This is my post for Blogging Against Disablism Day. I hope to have more, but I’m exhausted from sitting up all the time (which seems to be the only way to keep out of the emergency room, but is hell on non-lung parts of my body), and although I have three or four topics I want to talk about, I don’t know if I’ll finish them all today.
When I was in grade school, there was a girl my age who talked in a loud, nasal voice with highly unusual intonation. She chewed on things that were definitely not food. She could get so absorbed in a book that the only way to get her attention was to move the book or put things on top of it. She did not get along with much of anyone socially. She had loud meltdowns and cried a lot when things went wrong, but she wasn’t spoiled or anything, she was clearly overloaded. Her name and mine were often said together by the other children (along with maybe two other names) as if we had something in common.
I don’t know if she was autistic or not, although it’s certainly my first thought. She definitely wasn’t a typical kid of our age. I vaguely remember her mother having told my mother something about “Jessica’s problems” and her theories about why they existed. (Her name wasn’t really Jessica, Jessica is just a common name for my generation and culture.)
You would think, given all that Jessica and I had in common, we would have liked each other. In reality, she might have liked me. I did not like her.
I did not like her because every time I saw the lack of modulation in her voice, I heard my own unmodulated monotone flung back in my face.
I did not like her because I could see that she got overloaded the same way I did, and I saw overload as a horrible flaw on my part, and did not want to see how it looked on anyone else.
I did not like her because I could read her body language, and her emotions seemed the same kind of raw that mine always were.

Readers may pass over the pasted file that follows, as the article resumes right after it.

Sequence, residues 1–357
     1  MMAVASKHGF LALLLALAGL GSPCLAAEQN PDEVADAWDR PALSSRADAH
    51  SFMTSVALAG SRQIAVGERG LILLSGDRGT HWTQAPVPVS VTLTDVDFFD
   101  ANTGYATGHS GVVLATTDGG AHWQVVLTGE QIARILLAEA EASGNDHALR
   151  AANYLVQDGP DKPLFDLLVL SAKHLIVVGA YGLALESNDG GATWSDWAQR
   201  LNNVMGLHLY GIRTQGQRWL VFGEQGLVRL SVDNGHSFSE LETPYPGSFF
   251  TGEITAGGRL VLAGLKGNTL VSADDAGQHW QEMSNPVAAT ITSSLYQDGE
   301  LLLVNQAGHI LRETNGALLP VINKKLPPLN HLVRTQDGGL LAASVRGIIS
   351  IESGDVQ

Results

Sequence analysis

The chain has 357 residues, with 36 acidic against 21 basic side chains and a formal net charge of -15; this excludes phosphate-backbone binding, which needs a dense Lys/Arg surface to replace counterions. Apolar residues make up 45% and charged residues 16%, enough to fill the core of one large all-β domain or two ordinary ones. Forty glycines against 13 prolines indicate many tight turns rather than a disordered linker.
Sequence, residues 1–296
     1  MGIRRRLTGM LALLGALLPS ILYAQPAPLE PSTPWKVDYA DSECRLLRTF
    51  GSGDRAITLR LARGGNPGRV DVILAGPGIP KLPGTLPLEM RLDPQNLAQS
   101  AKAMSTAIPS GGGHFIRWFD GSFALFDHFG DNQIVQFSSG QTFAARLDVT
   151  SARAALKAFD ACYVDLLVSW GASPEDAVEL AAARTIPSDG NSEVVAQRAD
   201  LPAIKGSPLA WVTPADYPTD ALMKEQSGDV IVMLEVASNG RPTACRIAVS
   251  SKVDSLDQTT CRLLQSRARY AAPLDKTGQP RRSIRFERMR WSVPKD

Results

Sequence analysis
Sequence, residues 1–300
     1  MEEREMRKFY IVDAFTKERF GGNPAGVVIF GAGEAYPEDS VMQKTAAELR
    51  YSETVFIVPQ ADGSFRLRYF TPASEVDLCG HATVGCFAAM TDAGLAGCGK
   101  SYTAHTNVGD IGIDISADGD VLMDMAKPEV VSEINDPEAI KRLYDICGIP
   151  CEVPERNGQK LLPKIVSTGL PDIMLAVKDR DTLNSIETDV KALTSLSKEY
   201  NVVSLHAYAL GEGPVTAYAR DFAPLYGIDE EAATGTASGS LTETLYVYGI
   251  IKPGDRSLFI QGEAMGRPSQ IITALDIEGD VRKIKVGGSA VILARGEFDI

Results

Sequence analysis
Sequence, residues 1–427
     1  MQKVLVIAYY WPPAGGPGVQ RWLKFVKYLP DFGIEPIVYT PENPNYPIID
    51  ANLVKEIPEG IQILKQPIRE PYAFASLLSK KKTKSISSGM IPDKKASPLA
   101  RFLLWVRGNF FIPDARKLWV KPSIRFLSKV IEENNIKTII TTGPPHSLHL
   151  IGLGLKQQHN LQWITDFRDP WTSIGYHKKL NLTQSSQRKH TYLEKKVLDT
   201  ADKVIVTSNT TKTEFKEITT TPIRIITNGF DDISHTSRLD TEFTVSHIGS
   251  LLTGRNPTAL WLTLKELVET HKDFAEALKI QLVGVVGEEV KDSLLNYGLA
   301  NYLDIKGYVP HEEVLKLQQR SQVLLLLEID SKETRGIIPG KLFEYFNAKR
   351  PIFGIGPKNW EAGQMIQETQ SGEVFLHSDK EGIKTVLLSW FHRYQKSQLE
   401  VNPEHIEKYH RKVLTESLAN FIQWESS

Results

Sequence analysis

I did not like her because she lacked the emotional self-control that I also lacked and hated myself for lacking.
I did not like her because every time I saw her, it was like looking in a mirror. I hated to know what I looked like. Bullies and teachers had made it very clear to me which of my traits were desirable and which were not. Every time I saw myself I saw all those undesirable traits to my disgust and shame. And that is what happened when I saw Jessica. It wasn’t as much that I didn’t like her. I never got to know her very well. It’s that her presence made me profoundly uncomfortable with myself and reflected back and amplified every bit of self-hatred I experienced on a daily basis. I experienced her presence as pain.
Dave Hingsburger has told stories of a woman with, if I remember correctly, Williams syndrome, which tends to come with a certain shape of face. If she saw another person with Williams syndrome, or saw her face in a reflective surface, she would try to pummel her own face into unrecognizability.
I understand why she did this. I shouldn’t understand it — nobody should — but I do. I know what it is like to learn young that you are disgusting, defective, freakish, and shameful. I know what it is like to experience the presence of a person who shares your “defective” traits, not as someone who understands you, but as someone who brings all your self-hatred to the forefront.